Can I Use Right to Buy as a Bad Credit Applicant?

Right to Buy is a scheme that has helped countless people purchase their rented property. This guide looks at whether you can apply for Right to Buy if you have a bad credit history.

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Based on your yearly income, you may be able to borrow:


Most lenders will let you borrow 4.5 times your annual salary so, as long as you have a standard 10% deposit, you should be able to borrow this much.


Depending on your personal circumstances, some lenders may let you borrow 5 times your salary.


Lenders usually cap the amount they lend at 5.5 times your salary, so it’s unlikely you’ll be able to borrow more than this.

This calculator is an estimation of how much you could borrow. If you’re ready to take out a mortgage, speak to a Revolution brokers to see what options are available.

Can I Use Right to Buy as a Bad Credit Applicant?

Right to buy is a scheme intended to help applicants get onto the property ladder. However, it might be tricky to find a lender who can approve your application if you have a bad credit history.

In this guide, the mortgage advisors team explains how Right to Buy works in an adverse credit scenario and how to improve your mortgage approval chances.

For more information about Right to Buy eligibility with a bad credit rating, get in touch on 0330 304 3040 or via email at

Is a Right to Buy With Bad Credit Mortgage Possible?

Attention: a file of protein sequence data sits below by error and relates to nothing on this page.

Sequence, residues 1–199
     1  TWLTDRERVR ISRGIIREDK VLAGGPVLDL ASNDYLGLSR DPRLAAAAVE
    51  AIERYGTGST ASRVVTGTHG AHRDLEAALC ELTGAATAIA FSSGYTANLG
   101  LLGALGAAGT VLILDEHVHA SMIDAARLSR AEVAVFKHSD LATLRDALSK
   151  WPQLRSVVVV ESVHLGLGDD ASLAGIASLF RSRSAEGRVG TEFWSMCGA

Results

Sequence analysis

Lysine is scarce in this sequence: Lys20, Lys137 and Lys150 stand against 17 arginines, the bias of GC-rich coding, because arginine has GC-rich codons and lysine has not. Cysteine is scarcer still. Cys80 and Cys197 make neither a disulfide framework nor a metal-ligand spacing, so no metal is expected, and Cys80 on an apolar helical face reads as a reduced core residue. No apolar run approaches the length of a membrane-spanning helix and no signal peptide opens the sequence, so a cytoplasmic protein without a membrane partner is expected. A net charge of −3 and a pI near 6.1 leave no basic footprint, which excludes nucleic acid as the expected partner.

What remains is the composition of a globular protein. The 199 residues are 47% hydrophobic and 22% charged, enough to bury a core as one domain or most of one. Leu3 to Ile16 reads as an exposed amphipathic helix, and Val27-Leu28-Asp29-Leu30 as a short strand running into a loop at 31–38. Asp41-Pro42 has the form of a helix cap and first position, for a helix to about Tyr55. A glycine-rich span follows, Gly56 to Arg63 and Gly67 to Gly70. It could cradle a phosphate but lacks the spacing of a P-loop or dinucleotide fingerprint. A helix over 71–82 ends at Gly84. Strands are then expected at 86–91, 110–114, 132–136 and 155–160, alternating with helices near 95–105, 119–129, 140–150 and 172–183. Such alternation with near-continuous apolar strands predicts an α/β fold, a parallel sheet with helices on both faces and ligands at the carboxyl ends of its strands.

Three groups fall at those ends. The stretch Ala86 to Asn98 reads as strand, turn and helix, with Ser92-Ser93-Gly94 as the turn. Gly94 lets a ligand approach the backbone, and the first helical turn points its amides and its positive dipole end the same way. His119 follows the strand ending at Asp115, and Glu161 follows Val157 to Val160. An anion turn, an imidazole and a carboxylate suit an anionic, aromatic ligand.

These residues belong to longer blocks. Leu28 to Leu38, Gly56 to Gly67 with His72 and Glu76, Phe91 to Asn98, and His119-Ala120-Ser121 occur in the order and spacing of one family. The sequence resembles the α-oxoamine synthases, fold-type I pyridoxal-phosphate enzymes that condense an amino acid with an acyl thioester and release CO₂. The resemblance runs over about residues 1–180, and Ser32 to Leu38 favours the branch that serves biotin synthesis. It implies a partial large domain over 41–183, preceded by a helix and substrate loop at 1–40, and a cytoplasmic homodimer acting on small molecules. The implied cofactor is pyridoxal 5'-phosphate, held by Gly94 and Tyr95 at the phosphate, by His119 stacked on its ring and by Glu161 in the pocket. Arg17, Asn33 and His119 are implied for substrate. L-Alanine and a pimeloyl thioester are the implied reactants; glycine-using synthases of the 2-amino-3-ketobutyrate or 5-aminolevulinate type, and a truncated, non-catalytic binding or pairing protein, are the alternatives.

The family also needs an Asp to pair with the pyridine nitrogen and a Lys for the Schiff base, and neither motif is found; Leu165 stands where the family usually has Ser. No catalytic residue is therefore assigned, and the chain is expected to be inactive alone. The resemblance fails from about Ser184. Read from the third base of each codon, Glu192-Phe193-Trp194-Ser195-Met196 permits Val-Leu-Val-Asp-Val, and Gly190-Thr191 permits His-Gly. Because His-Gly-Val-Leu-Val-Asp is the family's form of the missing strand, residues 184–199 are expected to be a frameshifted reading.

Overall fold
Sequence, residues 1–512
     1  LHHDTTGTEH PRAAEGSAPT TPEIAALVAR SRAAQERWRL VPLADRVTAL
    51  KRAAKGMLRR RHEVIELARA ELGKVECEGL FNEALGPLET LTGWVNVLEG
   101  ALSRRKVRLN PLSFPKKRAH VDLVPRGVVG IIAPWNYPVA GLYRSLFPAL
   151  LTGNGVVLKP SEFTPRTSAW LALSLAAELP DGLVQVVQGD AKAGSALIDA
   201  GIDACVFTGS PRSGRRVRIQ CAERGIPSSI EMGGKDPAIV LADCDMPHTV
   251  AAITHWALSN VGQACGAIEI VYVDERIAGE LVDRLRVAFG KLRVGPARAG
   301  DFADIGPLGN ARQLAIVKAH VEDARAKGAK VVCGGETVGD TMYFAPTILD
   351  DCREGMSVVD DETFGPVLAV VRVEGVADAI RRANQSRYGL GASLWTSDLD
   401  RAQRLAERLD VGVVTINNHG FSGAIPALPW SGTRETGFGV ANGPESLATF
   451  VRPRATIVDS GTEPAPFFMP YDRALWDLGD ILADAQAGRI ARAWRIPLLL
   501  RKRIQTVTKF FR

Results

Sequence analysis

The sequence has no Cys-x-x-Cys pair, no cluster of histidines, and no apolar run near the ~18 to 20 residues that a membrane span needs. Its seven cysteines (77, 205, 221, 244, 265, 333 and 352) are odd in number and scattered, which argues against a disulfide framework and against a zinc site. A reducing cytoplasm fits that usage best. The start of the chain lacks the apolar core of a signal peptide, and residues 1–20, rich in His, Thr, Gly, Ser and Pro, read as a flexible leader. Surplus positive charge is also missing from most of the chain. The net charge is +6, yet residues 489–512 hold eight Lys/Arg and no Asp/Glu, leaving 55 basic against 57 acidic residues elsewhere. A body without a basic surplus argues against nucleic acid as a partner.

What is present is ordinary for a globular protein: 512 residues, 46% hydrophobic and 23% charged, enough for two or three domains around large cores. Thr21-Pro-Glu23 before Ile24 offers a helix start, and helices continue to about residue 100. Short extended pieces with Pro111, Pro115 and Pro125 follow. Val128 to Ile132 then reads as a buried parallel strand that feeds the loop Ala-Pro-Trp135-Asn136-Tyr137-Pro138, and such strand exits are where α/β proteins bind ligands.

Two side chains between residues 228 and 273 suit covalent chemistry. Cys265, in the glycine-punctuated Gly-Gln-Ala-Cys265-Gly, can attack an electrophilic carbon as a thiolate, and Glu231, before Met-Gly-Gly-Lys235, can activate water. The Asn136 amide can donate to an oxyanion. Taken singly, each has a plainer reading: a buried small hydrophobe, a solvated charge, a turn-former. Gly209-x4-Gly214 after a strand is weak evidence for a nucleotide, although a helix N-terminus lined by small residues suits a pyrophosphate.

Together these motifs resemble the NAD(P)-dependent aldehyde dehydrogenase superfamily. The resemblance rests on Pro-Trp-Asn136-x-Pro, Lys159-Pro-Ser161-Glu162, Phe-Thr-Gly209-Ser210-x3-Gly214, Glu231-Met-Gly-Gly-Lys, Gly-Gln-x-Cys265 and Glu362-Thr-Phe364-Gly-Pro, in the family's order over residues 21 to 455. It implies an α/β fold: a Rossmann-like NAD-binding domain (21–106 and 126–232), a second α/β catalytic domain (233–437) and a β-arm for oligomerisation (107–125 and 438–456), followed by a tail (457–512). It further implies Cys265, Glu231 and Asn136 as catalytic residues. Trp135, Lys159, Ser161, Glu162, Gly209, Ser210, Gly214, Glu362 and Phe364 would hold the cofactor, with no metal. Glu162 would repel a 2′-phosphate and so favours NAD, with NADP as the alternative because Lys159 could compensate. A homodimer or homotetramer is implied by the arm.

Right to Buy is the government mortgage initiative that enables council housing or local authority tenants to purchase their home - at prices far below the going market value.

The issue here is that thousands of people might be in a great position to buy that home and call it their own, yet find themselves rejected for mortgage lending, even if they're perfectly eligible for the Right to Buy scheme itself.

Revolution Brokers has compiled this guide to explain how Right to Buy with bad credit works and some of the options to improve your chances of approval.

Don't give up or feel disheartened if your bank has automatically rejected you. We'll explain here why they're the least flexible lenders and the alternatives that may be more viable!

Can I Get a Right to Buy Mortgage With Bad Credit?

Bad credit is always a complication, and your chances of mortgage approval depend on what sort of issues you have experienced and when they happened.